Defense Secretary Leon Panetta was in Colombia this week on a previously scheduled visit. He said he had already suspended security clearances for those involved and promised to punish those found to be guilty of infractions.

"We expect our people, wherever they are, whether they are in Colombia or any other country … to behave at the highest standards of conduct," Panetta told reporters at Colombia’s Tolemaida military base. "If these investigators find that there have been violations … those individuals will be held accountable.

 "Frankly, my biggest concern is the issue of security and what could possibly have been jeopardized by virtue of this kind of behavior," Panetta said.

The Pentagon sent officials to brief Senate Armed Services Committee leaders on the military’s involvement in the Cartagena  prostitution scandal that is roiling the Secret Service, but the lead Republican on the committee ripped the briefers Wednesday for their unpreparedness.

"Chairman [Carl] Levin and I met today with representatives of the Joint Staff with the expectation of receiving information on the ongoing investigation into possible misconduct involving military personnel during the Summit of the Americas in Cartagena, Colombia. We requested this briefing to inform us as to any national security implications resulting from such misconduct," Sen. John McCain (R-AZ) said in statement.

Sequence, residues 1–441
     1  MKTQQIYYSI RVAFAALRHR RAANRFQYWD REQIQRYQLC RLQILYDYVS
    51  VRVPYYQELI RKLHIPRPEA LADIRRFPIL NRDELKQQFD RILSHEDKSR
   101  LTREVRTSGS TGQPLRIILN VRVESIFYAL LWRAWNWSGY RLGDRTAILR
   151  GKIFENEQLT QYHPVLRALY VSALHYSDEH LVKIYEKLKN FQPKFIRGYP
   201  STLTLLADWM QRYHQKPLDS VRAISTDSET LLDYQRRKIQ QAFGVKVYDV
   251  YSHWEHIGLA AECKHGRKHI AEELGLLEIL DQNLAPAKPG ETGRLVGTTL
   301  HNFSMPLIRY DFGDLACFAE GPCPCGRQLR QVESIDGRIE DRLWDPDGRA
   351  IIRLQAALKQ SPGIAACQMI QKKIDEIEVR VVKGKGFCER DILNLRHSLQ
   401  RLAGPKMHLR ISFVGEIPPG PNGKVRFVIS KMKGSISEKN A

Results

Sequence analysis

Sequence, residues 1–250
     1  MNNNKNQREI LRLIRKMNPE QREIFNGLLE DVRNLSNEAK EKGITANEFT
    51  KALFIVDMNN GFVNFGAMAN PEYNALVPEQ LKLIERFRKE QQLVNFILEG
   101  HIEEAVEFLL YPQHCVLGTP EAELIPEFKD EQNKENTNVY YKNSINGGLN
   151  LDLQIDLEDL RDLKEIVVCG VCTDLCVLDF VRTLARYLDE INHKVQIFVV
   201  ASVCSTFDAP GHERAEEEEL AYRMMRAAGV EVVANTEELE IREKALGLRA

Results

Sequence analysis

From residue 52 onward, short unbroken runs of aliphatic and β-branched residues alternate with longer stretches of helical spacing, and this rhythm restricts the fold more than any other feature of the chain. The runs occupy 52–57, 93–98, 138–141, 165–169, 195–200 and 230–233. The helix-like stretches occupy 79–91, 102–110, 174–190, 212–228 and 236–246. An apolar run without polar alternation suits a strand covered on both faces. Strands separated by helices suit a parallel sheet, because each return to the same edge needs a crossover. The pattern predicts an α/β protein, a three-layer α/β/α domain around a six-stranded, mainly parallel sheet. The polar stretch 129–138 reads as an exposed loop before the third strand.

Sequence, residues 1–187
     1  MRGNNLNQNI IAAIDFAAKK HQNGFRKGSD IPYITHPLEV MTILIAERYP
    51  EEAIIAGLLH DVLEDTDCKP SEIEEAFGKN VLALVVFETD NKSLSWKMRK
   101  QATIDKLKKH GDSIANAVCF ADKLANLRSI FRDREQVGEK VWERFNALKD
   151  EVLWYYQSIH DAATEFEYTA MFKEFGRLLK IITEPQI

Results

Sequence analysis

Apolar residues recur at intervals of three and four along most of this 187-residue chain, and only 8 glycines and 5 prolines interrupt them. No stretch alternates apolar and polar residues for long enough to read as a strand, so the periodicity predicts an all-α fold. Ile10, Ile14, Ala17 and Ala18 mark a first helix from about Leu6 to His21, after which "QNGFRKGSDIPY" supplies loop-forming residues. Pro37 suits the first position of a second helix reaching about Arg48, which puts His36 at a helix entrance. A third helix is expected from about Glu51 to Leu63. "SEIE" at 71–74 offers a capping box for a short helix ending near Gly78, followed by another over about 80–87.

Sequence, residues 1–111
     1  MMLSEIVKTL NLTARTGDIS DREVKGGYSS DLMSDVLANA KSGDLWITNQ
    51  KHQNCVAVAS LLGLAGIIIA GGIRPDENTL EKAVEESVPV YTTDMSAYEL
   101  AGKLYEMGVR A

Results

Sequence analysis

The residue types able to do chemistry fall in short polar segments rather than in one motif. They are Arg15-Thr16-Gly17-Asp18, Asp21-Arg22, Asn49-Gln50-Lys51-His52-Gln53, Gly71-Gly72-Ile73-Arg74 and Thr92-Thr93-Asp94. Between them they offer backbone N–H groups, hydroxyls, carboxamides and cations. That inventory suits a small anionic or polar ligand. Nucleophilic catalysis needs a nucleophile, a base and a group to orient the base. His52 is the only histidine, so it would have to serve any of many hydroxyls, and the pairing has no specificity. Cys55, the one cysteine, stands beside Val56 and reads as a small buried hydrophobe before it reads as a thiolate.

"Unfortunately, nearly two weeks after the events in Colombia, the briefers sent by the Department of Defense were woefully unprepared to answer even the most basic questions about what happened in Cartagena, and provided appallingly little new information other than the mechanics and timeline of the ongoing investigation."

 The DOD briefers did not even know the date President Barack Obama arrived or the name of the senior military commander on the ground in Cartagena, McCain said. The military has to protect the rights of service members, but Congress needs to be able to do oversight as well, he added.

"We need to know the facts. We need to know the impact of this potential misconduct, which occurred less than a day, or perhaps hours, before the president arrived in Cartagena, on the performance of the military Joint Task Force charged with his security. Yet, we are being denied access to the information we need in order to make informed judgments or take needed actions. This is entirely unacceptable," he said.

McCain pledged to explore other means for the committee to get the information they are seeking from the administration. Reuters reported Tuesday that 12 military members are now associated with the scandal, the latest being attached to the White House communications team. Twelve Secret Service personnel are also implicated, six of whom have already left the agency.